About an hour after the north tower of the World Trade Center fell, on the way to stake out a friend’s apartment to learn whether he had escaped it (he had), I passed my neighborhood newsstand at East 77th Street and Third Avenue just as another man around my age was finishing a transaction.
“Hey, buddy,” the man said none too nicely to the normally affable but now visibly stricken Middle Easterner handing him change, “do yourself a favor; tell everyone you’re Puerto Rican from now on.”
That brief exchange surfaced to mind when news broke Monday of another terrorist attack in London — this time against Muslims. Apparently, a non-Muslim, almost certainly mimicking car attacks against Londoners for which ISIS has claimed responsibility, got into his van and careened purposely into a crowd of worshippers clustered outside a mosque. At least 10 people were taken to area hospitals; one man who was being treated at the scene for a medical emergency before the attack died.
What’s most surprising, in all candor, is that something like this hadn’t happened before. Revenge is a hard-wired human instinct and the United Kingdom has suffered a string of provocative terrorist attacks, including the appalling killing of children exiting an Ariana Grande concert last month. Males, especially, crave retribution when threatened; if anyone tells you otherwise he is lying.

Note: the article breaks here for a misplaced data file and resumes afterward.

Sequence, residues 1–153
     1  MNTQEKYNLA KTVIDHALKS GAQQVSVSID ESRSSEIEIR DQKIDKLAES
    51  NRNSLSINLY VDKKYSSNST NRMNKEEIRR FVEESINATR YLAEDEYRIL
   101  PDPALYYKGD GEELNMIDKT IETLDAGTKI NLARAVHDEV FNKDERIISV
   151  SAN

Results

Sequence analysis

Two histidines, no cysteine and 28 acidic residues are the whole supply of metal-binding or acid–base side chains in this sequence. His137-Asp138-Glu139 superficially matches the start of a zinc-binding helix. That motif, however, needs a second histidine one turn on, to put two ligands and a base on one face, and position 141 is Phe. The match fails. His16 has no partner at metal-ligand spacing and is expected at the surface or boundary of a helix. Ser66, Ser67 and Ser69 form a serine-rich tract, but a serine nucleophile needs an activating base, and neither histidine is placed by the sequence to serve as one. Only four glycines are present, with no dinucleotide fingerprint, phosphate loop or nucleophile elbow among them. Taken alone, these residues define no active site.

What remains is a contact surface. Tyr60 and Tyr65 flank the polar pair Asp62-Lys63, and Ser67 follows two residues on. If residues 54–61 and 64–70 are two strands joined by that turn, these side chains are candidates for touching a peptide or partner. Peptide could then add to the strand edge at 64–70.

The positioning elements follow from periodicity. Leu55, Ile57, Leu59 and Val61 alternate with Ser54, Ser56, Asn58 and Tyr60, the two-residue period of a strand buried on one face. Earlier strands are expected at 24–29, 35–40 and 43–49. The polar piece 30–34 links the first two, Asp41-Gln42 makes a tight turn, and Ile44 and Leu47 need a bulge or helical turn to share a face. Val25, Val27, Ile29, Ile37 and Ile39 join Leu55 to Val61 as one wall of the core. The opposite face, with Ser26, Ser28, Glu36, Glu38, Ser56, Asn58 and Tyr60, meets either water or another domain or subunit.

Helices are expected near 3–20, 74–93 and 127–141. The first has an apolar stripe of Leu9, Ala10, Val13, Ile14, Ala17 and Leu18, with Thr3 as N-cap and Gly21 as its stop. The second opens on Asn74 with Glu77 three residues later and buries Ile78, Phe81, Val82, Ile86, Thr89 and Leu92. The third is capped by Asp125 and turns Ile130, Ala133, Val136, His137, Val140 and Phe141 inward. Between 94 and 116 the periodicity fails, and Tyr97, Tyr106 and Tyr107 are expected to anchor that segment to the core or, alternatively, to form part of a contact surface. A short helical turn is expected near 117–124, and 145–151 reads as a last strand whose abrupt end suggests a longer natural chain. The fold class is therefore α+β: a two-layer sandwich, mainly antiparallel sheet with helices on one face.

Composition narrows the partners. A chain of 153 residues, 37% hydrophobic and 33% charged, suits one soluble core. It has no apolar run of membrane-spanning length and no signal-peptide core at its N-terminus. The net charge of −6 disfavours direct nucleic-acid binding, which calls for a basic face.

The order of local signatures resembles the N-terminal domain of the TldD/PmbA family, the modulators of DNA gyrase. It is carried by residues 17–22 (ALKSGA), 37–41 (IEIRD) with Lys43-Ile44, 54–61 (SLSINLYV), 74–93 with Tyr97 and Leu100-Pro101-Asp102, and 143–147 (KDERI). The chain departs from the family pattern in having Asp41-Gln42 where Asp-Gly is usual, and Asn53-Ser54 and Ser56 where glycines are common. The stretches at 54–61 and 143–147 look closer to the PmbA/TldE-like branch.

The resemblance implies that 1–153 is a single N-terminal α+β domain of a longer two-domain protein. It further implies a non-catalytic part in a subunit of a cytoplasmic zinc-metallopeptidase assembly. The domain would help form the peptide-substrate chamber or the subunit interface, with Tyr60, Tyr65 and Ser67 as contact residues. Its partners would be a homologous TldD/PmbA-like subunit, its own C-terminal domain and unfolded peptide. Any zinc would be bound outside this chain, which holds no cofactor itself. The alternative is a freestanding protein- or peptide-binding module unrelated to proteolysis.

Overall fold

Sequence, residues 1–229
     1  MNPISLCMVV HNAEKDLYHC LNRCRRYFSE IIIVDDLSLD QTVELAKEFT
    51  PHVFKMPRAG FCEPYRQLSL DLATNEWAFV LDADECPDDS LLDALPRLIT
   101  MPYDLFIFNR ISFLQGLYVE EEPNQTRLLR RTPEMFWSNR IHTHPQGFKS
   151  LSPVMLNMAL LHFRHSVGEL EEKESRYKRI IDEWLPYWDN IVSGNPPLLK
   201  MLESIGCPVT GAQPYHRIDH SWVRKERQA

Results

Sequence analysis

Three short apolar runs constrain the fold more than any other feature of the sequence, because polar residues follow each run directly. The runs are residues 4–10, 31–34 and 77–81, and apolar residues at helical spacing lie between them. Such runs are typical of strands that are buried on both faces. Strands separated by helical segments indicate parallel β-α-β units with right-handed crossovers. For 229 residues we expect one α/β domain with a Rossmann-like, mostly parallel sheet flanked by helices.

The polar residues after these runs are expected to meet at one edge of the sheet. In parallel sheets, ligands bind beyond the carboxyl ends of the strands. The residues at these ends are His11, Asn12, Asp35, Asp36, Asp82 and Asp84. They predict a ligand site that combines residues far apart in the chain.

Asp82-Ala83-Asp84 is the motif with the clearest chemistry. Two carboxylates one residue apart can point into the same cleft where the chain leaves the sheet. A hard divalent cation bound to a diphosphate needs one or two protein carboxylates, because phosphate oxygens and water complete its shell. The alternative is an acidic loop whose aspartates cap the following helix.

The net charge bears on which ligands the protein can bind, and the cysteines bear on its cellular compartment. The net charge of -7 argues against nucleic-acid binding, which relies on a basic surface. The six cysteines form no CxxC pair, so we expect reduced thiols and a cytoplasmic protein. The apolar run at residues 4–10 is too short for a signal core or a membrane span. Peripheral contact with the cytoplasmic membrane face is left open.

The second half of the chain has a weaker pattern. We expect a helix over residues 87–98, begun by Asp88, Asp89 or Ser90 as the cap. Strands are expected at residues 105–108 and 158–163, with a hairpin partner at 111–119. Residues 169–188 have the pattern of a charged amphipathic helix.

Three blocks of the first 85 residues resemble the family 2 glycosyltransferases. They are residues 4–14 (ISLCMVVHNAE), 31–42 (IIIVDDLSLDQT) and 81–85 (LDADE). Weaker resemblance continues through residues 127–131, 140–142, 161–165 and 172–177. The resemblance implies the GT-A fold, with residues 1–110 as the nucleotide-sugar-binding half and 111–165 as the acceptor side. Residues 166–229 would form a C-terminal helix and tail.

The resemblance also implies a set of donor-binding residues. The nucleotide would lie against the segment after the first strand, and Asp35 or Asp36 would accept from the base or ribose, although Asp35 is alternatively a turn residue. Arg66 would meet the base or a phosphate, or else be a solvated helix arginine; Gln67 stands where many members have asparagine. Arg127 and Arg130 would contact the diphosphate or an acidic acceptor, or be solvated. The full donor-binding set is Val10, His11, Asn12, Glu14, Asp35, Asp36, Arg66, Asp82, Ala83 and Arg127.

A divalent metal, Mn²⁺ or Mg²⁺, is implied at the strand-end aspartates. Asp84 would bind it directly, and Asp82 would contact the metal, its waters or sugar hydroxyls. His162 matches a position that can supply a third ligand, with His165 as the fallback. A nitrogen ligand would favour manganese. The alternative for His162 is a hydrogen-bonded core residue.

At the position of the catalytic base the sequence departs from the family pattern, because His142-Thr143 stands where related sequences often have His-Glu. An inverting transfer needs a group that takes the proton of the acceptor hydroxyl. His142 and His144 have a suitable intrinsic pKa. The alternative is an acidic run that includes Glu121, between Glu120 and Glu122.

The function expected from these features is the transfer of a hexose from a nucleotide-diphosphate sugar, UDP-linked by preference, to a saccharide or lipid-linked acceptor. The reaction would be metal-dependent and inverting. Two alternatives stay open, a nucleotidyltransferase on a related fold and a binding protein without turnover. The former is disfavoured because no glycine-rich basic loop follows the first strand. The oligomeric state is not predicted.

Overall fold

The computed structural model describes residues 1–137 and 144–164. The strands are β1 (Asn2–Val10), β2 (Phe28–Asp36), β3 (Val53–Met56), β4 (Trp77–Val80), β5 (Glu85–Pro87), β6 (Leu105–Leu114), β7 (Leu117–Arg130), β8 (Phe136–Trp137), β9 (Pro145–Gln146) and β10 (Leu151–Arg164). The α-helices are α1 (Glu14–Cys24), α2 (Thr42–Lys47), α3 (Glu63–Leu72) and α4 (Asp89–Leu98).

But striking back against whom has been the emasculating question holding much of the western world together these past 16 years. In Syria and Afghanistan there’s an obvious answer. We are striking back at them — the guys holding Kalashnikovs across the field or caught hiding bomb-making matériel beneath their daughters’ cribs. But on the streets of London or on East 77th Street in Manhattan the who has been anything but clear.
The Islamic State and al-Qaida must have been over the moon upon learning of Monday’s terror event. It’s the violent reaction for which they’ve been agitating since before 9/11; the theoretical spark that will ignite all-out war between Muslims and non-Muslims on the streets of London, Paris, Amsterdam and New York. (ISIS targets Shia Muslims in this war as well.)
That fight is essential, in their doctrinaire minds, to prevent the assimilation of millions of Muslims into western society. Every burqa shed, every new Muslim Lions Club membership executed is a strike at the heart of fundamentalist Islam.
Excitement from Monday’s terror incident had to have been have been short-lived. Within hours of the mosque attack in London, came the democratic west’s headstrong counterattack: Brits of all backgrounds rallied around London’s Muslim community and decried the violence committed against it. (Take that!)
With some unfortunate exceptions, this antidotal dynamic has played out time and again in the face of modern terrorist agitation. A bomb goes off; a gunman opens fire, and for the most part peace between communities prevails. It’s a remarkable thing when one considers human nature.
Some invariably will see the London van driver as a hero in the war against terror. He is anything but; an unwitting tool of a cunning enemy. He mustn’t be emulated, but he very well could be.
Here now, especially, it would be stupid to fall for the terrorist bait. ISIS and al-Qaida have told us how to defeat them: integrate our Muslim-American neighbors as fully and expeditiously as possible through example and outreach.
There can’t be an “us and them” if there is only an “us.”
That genius of America will eventually prevail — if we stay smart.
William F. B. O’Reilly is a consultant to Republicans.